Propelled by strong growth in the number of women physicians, the ranks of the medical profession grew by 2.1% from 1993 to 1994, reaching a total of 684,414.
That's among the findings in the newly published Physician Characteristics and Distribution in the U.S., 1995/96 edition.
The number of women physicians grew by 7,364, or 6%, to 133,263. The number of male physicians rose to 551,151. While females constituted only 7.7% of physicians in 1970, they now account for 19.5%.
Those women, moreover, are more likely to be in primary care than their male counterparts. Forty-six percent of women physicians are in primary care, vs. 31% of men. Of primary-care physicians, 61,378 are women and 171,273 are men.
Altogether, the United States has 232,651 primary-care physicians. Of female physicians younger than 35, 56% are in primary care. Of young males, 38% are in that area, defined to include the specialties of family practice, general practice, internal medicine, obstetrics and gynecology, and pediatrics.
The 335-page study is extracted by the American Medical Association from its "physician master file," a database of all U.S. doctors and medical students. It's the most incisive demographic portrait of U.S. medical practitioners available from any source. The data derive from a survey of the physician population as of Jan. 1, 1994.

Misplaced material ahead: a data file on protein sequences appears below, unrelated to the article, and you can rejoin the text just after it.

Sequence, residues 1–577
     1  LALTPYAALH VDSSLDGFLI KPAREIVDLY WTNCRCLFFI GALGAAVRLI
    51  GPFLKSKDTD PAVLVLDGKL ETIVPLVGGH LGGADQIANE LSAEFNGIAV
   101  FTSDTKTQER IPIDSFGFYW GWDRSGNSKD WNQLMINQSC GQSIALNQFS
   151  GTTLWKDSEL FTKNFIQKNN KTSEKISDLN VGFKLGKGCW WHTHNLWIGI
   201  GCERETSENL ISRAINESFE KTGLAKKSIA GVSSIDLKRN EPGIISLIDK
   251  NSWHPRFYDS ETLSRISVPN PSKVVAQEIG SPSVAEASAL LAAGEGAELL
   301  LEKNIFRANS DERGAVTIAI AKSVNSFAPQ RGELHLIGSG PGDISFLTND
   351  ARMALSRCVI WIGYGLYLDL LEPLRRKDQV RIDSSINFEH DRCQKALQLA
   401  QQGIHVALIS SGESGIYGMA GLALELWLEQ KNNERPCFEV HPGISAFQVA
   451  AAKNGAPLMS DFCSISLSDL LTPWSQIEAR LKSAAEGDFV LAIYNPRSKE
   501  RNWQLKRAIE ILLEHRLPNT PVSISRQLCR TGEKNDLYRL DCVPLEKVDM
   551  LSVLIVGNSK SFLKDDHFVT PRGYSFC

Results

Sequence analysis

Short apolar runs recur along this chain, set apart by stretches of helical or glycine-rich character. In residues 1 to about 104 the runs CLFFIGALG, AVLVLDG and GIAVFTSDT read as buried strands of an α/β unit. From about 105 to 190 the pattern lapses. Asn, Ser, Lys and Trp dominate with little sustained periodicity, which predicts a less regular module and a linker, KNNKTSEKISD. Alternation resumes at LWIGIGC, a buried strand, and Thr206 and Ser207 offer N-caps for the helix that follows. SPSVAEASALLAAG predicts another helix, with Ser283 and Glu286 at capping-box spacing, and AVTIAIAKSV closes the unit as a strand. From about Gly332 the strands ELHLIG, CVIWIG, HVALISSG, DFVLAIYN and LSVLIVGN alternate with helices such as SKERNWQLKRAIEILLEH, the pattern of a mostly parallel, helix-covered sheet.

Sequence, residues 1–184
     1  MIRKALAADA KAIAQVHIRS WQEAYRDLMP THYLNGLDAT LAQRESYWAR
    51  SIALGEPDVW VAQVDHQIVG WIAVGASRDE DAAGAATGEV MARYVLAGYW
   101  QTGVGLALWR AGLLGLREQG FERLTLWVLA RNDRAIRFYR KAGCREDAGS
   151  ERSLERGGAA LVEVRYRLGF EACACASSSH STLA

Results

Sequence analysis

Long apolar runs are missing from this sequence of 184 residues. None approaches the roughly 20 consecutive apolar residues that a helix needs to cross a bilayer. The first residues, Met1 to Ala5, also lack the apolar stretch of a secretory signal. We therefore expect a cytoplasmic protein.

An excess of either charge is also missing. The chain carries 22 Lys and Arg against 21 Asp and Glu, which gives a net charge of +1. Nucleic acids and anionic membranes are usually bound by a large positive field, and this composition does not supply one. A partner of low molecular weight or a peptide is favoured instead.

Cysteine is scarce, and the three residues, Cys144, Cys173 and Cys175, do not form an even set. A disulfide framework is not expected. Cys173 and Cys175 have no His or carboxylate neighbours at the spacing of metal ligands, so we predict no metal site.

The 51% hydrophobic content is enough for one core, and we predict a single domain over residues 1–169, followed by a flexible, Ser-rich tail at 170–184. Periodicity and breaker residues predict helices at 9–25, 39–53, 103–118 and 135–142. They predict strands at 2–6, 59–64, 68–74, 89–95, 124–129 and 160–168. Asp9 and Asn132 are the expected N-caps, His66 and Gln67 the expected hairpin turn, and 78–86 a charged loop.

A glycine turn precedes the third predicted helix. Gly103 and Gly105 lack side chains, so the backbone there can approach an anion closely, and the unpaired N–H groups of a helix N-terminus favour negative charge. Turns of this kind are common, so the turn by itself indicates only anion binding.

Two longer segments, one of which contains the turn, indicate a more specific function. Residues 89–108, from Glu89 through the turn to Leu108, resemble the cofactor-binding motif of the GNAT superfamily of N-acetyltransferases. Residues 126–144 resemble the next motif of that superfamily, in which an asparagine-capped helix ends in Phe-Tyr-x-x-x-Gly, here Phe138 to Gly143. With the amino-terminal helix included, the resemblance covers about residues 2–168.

The report includes reams of tables on physician distribution by specialty, practice type, medical school and geography.
The number of hospital-based physicians increased 5% in the most recent year to 44,529. It was 9,145 in 1970 and 19,360 in 1980. Of that 1994 total, 29,471 were residents, 1,326 were clinical fellows and 13,732 were full-time staff.
The survey also shows the geographical maldistribution of physician resources across the United States. Certain states and cities, particularly in the Northeast, vastly exceed the national average of 252 nonfederal physicians per 100,000 civilians.
Other states, such as Idaho and Mississippi, have twice as many potential patients per practitioner as the densely doctored states. Calculated by census region, the Great Lakes and upper Midwest states have the lowest physician-to-population ratios, while New England and the Middle Atlantic states have the highest.
Out of 3,152 counties in the nation, 149 have no active physician in patient care. While it is to be expected that states such as Montana or the Dakotas, with expanses of land and few people, would be under-doctored, it may come as a surprise to find that Georgia has 10 counties, with 45,800 people, that have no doctor. In Texas, the figure is 21 counties with 50,100 people.
Even Missouri, a Midwestern state with a population density equal to that of the whole United States, has 13 counties lacking an active physician. Some 98,500 people reside in those counties.
In general, states with fewer physicians per capita tend to have more of those physicians in primary care. The state with the highest percentage of primary-care doctors is Wyoming, with 43%. Florida has the lowest, at 29%.